Thurifer travels to Spain

Holy Week in Spain puts our tepid Catholicism (Roman and Anglo) into perspective. During Holy Week in Malaga, the streets are refulgent with the sweet savour of incense, perfumed with the intoxicatingly powerful scent of thousands of lilies: a heady experience. It hits you with almost physical force. The pavements and roads are covered in molten wax from thousands of candles carried during the week. Sounds also heighten the emotional engagement. The steady beat of drums accompany the funereal processions as they slowly make their way through the city. Shrill, piercing trumpets punctuate the air. Shouts, cheers and applause express the devotions of the spectators as well as the periods of intense silence when quiet overcomes the large crowds. The procession of each confraternity sees hundreds of people, all of similar height, swaying in unison as they carry the two thrones (tronos), several tons in weight, upon which are images from the Passion of the Lord and of his Dolorous Mother, her face stricken in grief. For five hundred years these scenes have been enacted.

The Almeida in Malaga is a broad avenue with two parallel approach roads. The processions come down one side and turn into the Almeida. Monday saw two of the most moving experiences of the week. In the student procession, as the image of Our Lord made its stately way along the Almeida, that of Our Lady was carried down the approach road. As they came side by side both statues were slowly, agonisingly turned to face one another: a manoeuvre which took ten minutes. When completed the students bearing Our Lord lowered the statue to bow to his Virgin Mother. All was beautifully accomplished while the students sang ‘Gaudeamus Igitur.’ Drums beat, the shrill trumpets pierced the night and the procession moved on.

A few hours later the procession of the gitanes moved slowly along the road to the viewing platform of civic and ecclesial dignitaries. By chance the image of Our Lord stopped directly in front of me while the bearers rested. Almost immediately, from a balcony above, a pure solo soprano silenced the already hushed crowd. For a few spine-tingling moments time stood still as the sieta (a passionate ululation akin to Irish keening), a paean of praise and lamentation to Christ and his mother, rose and fell, swooped and soared in controlled abandon. At its conclusion a profound silence fell before the crowd broke into ecstatic applause, and the hairs on my neck prickled.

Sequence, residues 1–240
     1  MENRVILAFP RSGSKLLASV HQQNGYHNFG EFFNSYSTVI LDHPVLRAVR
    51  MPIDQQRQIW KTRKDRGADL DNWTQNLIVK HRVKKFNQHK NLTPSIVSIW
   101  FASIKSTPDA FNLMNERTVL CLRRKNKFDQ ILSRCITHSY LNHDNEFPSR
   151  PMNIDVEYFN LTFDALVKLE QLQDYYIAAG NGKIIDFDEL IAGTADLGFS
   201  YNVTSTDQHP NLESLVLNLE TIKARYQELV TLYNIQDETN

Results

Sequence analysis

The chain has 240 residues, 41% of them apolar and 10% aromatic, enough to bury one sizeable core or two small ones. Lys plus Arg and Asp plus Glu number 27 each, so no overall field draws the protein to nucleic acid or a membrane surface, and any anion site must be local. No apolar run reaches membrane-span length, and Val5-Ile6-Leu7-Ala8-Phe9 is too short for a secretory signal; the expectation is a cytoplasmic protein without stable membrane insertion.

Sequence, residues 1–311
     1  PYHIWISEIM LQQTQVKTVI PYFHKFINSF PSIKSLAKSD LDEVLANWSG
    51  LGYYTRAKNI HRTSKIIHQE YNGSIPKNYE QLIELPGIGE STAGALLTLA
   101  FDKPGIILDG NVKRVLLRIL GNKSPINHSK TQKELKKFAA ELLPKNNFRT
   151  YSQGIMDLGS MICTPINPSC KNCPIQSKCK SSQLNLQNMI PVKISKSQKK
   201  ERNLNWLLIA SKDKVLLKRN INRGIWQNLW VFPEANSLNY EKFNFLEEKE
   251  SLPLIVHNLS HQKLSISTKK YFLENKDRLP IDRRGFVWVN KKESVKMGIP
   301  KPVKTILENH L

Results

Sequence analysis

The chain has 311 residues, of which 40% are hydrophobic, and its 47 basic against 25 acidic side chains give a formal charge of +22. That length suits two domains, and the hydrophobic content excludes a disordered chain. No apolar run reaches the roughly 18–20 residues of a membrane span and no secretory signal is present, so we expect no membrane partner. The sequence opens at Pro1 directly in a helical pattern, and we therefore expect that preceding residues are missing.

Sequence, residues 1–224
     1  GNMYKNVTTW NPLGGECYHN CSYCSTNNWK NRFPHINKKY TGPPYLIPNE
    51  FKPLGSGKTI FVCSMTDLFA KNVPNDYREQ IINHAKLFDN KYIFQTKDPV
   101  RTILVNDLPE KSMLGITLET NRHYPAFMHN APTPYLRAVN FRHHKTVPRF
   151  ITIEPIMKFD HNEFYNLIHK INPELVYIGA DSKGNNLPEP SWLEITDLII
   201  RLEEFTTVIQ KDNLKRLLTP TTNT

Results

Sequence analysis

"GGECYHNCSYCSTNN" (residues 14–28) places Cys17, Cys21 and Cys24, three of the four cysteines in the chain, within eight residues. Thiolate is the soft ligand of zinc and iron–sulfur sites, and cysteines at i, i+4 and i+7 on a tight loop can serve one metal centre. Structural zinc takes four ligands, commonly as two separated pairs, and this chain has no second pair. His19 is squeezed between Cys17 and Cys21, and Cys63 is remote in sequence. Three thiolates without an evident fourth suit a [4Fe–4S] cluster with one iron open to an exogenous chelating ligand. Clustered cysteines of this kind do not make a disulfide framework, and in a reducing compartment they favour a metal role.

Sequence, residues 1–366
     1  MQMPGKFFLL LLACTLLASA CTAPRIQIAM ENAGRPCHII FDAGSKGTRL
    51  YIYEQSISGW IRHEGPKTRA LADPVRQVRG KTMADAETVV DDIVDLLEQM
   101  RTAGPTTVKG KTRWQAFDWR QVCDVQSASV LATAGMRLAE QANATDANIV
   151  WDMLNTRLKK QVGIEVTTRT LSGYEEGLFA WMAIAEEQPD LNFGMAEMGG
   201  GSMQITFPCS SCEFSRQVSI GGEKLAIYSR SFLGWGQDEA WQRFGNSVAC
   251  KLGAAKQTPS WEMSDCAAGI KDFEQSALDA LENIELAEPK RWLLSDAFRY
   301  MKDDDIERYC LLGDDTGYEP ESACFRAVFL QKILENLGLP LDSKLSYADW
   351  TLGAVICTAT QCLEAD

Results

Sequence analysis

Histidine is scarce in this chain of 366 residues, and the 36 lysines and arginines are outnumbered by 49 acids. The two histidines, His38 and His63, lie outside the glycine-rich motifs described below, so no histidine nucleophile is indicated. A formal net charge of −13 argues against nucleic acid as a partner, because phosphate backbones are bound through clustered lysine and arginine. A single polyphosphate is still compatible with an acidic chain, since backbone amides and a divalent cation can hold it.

All the processions are impressive and with their own particularities. One of the largest is the Royal Archbrotherhood of Our Lady of Hope (Nuestra Señora de la Esperanza). There are some 5,000 members, of whom some 600 carry the tronos and process as penitents, hooded and cloaked, some barefooted and some wearing blindfolds as an additional act of contrition. The most popular procession attracts enormous crowds on Holy Thursday, the beginning of the Triduum Sacrum, from the Royal Congregation of Mena. This is the military confraternity and has contingents from the Spanish army and navy. They march singing their military anthem and at several points those carrying the tronos thrust it in the air and loudly declare their loyalty to the Virgin Mother. At the several stations there are displays of intricate, swift and complex arms drills. Rifles are twirled and twisted, thrown and caught with immense skill and concentration.

Although the Almeida and the Tribunal are the principal places to see the processions, one of the real excitements is to witness the processions making their way slowly and deliberately through the narrow side streets. Here you see at close quarters the size of the tronos, the strain of the bearers, hear the orders of the officials, and, with the press of the crowd, feel part of the whole experience rather than a foreign observer. The other extraordinary experience is to see the tronos enter the cathedral, be welcomed by one of the canons, process around the apse and emerge into the narrow calle where a sharp right turn has to be executed to continue the procession. This is done inch by inch, swaying from side to side, with hardly any room for error. Warm applause invariably greeted its successful outcome.

The liturgies in the cathedral were all seemly in their execution, although they may not have satisfied the strictest rubricist. The most impressive was the Stations of the Cross. The canons and bishop processed around the cathedral, with the crucified borne by members of a confraternity and followed by the officials in formal dress: women with mantillas, men in morning coats. It was accompanied by a fine, operatic setting of the Stabat Mater by the cathedral’s Master of the Music, with choir, soloists and orchestra.

Easter Day was, oddly, rather anti-climatic. Not least because our attendance at the Vigil had to be curtailed after hearing the Exsultet (sung by a nun: as my friend commented ‘a nun who once could sing’) and the Gloria, as we had to catch the last train. We missed it. We had consulted the Holy Week timetable but had not realised that Holy Saturday is not part of Holy Week as far at the Malaga transport system is concerned. After a few minutes of panic contemplating a night on a park bench, common sense prevailed and we found a taxi. That was the only glitch in a splendid and moving week. Memorable.